Don’t Blog Like Fidel Castro

Times Online has an interesting take on blogging, specifically when it comes to the personal Weblog of the soon-to-be-retired “president” of Cuba, Fidel Castro.

Bloggers know that one of the risks is inadvertently to expose too much about themselves. And Fidel was not immune: he too revealed a lot in his postings, often through omission. Indeed, his postings are as informative for what they skip as for what they include.

That is a question that all bloggers should be asking themselves: Are the things I’m leaving out of my blog more revealing than what I am including?

This particularly applies to corporate bloggers and niche bloggers who conveniently leave out references to their competitors – even when they are making international waves.

Reading a Pepsi blog without the mention of something good or bad about Coke is just silly. If the goal is greater transparency through a blog, actions speak louder than words. And sometimes the words you edit out are the ones that speak the loudest.

Don’t blog like Castro. Take a second look at your blog posts and make sure you’re sharing the whole story.

Web Design Critique: Blog Herald Blog Layout

Kaspars over on, has put up a very interesting and informative post looking at the user experience of the Blog Herald. I really enjoyed that he put up images of previous versions of the Blog Herald.

Even more interesting, he ripped apart the current design, and even more interesting to me, he came up with a suggestion on how it can improve, at least in the header area.

I have always enjoyed the designs of the Blog Herald, but with the interesting themes being created now for WordPress, the bar seems to be raised, and continues to be so. Should the Blog Herald continue to try to redesign in hopes of pushing the envelope, or do people in general hate change, and enjoy our current look.

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The Dangers of Relying on Online Tools and Services

Bloggers aren’t exactly shy when it comes to adapting online tools and services, it’s one of the strengths of the blogosphere I’d say. Social networking and things like that are quickly integrated, and put to good use (i.e. pushing traffic to your projects), as they come along and fill a void. We all know there’s a bunch of online video services that wants to be the next YouTube, some of them even letting you share a buck on their ad sales going with your uploaded clip. Very nice of them. And then there’s Flickr and friends, giving you the opportunity to not worry about image bandwidth.

Why host yourself when you can upload to an online service, and embed? Why should you take the bandwidth costs from your hot viral video?

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Celebrating Blog Birthday Parties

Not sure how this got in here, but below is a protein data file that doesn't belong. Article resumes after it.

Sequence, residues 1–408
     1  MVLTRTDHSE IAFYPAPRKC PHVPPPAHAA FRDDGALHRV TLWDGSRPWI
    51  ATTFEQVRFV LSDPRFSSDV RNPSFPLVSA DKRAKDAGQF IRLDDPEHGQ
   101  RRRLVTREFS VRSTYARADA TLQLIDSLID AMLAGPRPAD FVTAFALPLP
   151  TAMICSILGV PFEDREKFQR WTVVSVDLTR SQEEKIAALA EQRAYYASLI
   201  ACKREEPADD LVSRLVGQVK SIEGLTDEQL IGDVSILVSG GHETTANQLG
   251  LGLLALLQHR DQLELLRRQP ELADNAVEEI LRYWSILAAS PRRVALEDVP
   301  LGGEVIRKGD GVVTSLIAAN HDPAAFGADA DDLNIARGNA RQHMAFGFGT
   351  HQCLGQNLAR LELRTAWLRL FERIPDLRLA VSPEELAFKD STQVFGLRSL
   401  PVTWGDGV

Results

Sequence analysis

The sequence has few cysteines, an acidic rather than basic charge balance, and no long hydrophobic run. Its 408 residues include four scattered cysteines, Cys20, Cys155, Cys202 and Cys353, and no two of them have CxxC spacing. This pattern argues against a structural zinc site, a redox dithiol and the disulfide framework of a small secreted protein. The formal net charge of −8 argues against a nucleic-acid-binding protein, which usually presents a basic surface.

Blog birthday - mirror ball wears party hat

Have you given much thought to your blog anniversary this year? Some don’t celebrate the passing starting dates of their blogs, but for many, blog anniversary celebrations are getting bigger and wilder every year.

Some have hosted huge contests with a lot of giveaways. Many review their previous year with lessons learned and goals set for the next blogging year. Others have gone quietly into their second and third years of blogging with a post reminiscing about the year that has past.
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Add a Customized Signature to Your Blog Posts

Add a personal touch to your blog posts with My Live Signature, a Web app that allows you to customize an embedded signature.

Simply type your name, choose from over 120 fonts, pick your size, color and slope, and you are in business.

There is no need to login or register, upon completion you will be issued a signature ID if you’d like to access it again in the future. Unfortunately, this code is a million digits long:


Grab the HTML snippet or BB Code and you can embed the signature on any e-mail, blog or Website.

There are several pay features too. The company will prepare an animated signature or recreate a paper scan for a fee.

In Conversational Marketing, Comments Matter

Do you respond to comments to your posts? Do you spend time making comments on other blogs? Have you set comment guidelines for yourself? It may be worth revisiting how you think about comments, both in terms of how you deal with the comments to your posts and those you make in other blogs.

In this age of conversational marketing, responding to comments helps you show your readers that you are listening and participating. That’s important especially if you are in the service business. The action of referring to the content readers share with you and addressing any further questions will set you apart. It shows your commitment.

As well, it will buy you additional permission to engage with your readers and tell them about the work you do. That is no small feat in an increasingly crowded marketplace where doing what you say you do counts more every day.

I’m sure you’ve noticed that many blog posts often gather the “great post” and “‘atta boy/girl” in the comments. That is when you are fortunate enough to get comments to your posts. If you are leaving comments like those in other blogs, I encourage you to reconsider. You may be depriving yourself of opportunities to develop relationships – and relationships are key in conversational marketing.

The main reasons why comments are by and large left out of a full social media marketing strategy are:

being time starved. Social media and the wealth of projects these activities can generate are filling your days. That is good. There is only so much time you can dedicate to writing at other people’s bogs. You need to care for your own.

testing the waters. When you don’t know someone, you are inclined to stay general in what you say. You are not familiar with who else is reading and commenting and are still getting to know the author. Will they respond? Bottom line: is this going to be a waste of time?